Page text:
Dosing complete in SPAN Phase 2 study of adrulipase

New formulation being tested as treatment for exocrine pancreatic insufficiency in CF

Margarida Maia, PhD avatar

by Margarida Maia, PhD |

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First Wave BioPharma has finished dosing in its Phase 2 clinical study, SPAN, in which a new adrulipase formulation is being tested as a potential exocrine pancreatic insufficiency (EPI) treatment in people with cystic fibrosis (CF).

With the last patient dosed, the company remains on track for next month’s reporting of top-line data, which primarily will provide an overview of how safe the treatment is and whether it is effective in its ability to help break down (digest) fats from food.

“We remain positioned to report topline data in July, which is expected to provide an initial indication of the new formulation’s ability to release adrulipase in the small intestine where the drug is designed to mix with food and deliver its therapeutic benefit,” James Sapirstein, First Wave’s president and CEO, said in a press release.

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CF causes thick, sticky mucus to build up in the lungs and clog the airways, making it difficult to breathe. As it does in the lungs, thick mucus also builds up in the pancreas, where it blocks the release of enzymes needed for digestion. This can result in EPI.

Many patients need pancreatic enzyme replacement therapy (PERT) to supply the needed enzymes and release them in the small intestine, where they help digest food to help the body function properly and maintain health. Currently available PERTs typically are derived from pigs.

Adrulipase is a fat-digesting enzyme derived from yeast that’s designed to improve the breakdown of fats in the small intestine. Its use is expected to reduce the number of pills patients need to take each day.

“Ultimately our goal is to provide patients with a safe and effective therapy that allows individuals with CF to gain control over EPI, while diminishing the daily pill burden,” Sapirstein said.

The SPAN clinical trial

An improved formulation that packs adrulipase in microgranules (tiny granules) to make it through the stomach’s acid to the small intestine is being tested in SPAN (NCT05719311).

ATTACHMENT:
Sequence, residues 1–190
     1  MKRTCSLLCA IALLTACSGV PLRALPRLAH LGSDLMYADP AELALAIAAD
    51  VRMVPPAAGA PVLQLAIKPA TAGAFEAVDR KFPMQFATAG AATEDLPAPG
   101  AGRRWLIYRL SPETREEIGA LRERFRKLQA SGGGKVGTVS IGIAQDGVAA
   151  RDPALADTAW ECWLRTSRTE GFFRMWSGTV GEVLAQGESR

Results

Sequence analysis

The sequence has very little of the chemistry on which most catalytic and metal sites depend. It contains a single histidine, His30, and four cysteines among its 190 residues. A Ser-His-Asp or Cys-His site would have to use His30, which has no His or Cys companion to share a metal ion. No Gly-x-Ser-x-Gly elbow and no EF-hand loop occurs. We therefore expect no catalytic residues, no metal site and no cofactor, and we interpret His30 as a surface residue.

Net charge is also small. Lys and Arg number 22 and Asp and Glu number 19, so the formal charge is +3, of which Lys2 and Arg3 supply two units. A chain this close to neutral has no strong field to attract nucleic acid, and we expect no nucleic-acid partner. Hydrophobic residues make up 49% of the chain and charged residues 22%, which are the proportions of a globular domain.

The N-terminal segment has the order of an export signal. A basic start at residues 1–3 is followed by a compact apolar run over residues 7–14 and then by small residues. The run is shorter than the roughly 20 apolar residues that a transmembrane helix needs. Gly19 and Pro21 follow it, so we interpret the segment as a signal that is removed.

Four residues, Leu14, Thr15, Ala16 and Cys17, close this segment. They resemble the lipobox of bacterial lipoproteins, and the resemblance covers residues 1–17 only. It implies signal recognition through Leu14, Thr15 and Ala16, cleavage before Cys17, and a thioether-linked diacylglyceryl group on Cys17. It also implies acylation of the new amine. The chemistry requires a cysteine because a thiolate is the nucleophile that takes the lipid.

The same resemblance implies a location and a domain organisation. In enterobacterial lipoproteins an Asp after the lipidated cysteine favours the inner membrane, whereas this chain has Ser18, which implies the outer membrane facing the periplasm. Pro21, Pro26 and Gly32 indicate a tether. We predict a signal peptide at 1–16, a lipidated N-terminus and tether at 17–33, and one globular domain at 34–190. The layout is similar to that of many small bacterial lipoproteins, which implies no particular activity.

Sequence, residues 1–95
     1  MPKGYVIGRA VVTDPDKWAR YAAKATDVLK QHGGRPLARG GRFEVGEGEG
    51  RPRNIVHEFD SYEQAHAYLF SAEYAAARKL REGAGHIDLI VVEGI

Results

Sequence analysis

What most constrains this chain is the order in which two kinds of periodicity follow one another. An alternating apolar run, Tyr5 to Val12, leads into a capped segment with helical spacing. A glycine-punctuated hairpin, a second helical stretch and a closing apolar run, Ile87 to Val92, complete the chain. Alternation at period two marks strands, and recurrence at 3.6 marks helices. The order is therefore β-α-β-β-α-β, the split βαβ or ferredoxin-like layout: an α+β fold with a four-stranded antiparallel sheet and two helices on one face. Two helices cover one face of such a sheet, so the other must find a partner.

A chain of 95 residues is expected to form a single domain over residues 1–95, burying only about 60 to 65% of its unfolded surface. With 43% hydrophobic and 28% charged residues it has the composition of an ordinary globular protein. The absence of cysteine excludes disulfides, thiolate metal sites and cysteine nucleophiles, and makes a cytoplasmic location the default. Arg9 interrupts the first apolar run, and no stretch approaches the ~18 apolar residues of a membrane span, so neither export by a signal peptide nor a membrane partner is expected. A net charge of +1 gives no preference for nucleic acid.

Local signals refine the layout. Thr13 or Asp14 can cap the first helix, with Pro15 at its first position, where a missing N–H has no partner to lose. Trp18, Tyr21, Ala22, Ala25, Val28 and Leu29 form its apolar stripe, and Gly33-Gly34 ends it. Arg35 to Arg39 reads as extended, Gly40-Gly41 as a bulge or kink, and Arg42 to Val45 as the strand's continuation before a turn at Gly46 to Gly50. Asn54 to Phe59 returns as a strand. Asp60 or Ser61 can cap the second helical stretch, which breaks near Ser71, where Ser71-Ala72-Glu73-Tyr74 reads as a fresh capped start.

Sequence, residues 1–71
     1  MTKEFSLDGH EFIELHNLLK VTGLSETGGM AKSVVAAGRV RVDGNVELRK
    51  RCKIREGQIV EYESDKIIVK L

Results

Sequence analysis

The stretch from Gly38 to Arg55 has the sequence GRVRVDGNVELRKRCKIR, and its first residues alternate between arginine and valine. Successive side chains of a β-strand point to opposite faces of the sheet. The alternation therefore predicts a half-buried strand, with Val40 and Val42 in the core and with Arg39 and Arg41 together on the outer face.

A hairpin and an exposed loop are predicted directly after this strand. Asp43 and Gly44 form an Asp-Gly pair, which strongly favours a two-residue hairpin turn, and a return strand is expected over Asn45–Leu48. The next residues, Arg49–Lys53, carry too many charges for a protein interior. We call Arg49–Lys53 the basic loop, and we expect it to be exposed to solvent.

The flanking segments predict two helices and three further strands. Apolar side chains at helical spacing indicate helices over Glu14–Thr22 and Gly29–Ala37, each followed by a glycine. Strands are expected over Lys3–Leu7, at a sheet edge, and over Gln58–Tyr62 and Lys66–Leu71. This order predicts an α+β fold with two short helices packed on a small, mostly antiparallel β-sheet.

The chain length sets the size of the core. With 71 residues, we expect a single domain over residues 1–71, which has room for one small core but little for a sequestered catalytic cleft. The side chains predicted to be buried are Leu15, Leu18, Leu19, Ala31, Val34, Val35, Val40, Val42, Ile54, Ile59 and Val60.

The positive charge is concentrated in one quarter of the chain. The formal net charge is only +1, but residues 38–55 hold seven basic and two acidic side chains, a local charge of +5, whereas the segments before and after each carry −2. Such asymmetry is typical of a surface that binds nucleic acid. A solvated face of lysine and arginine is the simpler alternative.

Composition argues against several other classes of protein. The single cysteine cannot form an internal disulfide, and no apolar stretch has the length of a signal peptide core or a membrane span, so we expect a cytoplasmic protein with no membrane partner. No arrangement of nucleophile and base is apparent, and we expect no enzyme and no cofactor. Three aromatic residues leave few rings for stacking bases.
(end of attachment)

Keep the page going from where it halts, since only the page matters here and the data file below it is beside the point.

The open-label study dosed 13 adults with CF at three sites in the U.S. Each patient is given a low dose of oral adrulipase for three weeks. If the patient does not respond well, adrulipase is given at a medium dose, which is increased to a high dose if needed.

“Dosing the final patient is a key milestone in the Phase 2 SPAN clinical trial investigating our enhanced enteric [intestinal] microgranule delivery formulation of adrulipase for the treatment of EPI in CF patients,” Sapirstein said.

The study’s primary goals (outcome measures) are safety and change in coefficient of fat absorption (CFA) after the three-week treatment period. CFA is a measure of how well the body is absorbing fats from food.

Secondary outcomes measures include stool weight, signs and symptoms of poor nutrient absorption (malabsorption), and coefficient of nitrogen absorption, which is an assessment of how well the body is absorbing proteins.

Adrulipase patents

FirstWave also recently announced the publication of two patent applications by both the U.S. Patent and Trademark Office and the International Bureau of the World International Patent Organization. The patents cover adrulipase’s composition of matter and methods of use, and they were published under the Patent Cooperation Treaty, which includes more than 150 countries worldwide.

“The patent publications for our enhanced enteric microgranule delivery formulation of adrulipase and its use for the treatment of malabsorption highlight First Wave’s ability to introduce important drug innovations for the treatment of underserved disease indications,” Sapirstein said in another press release.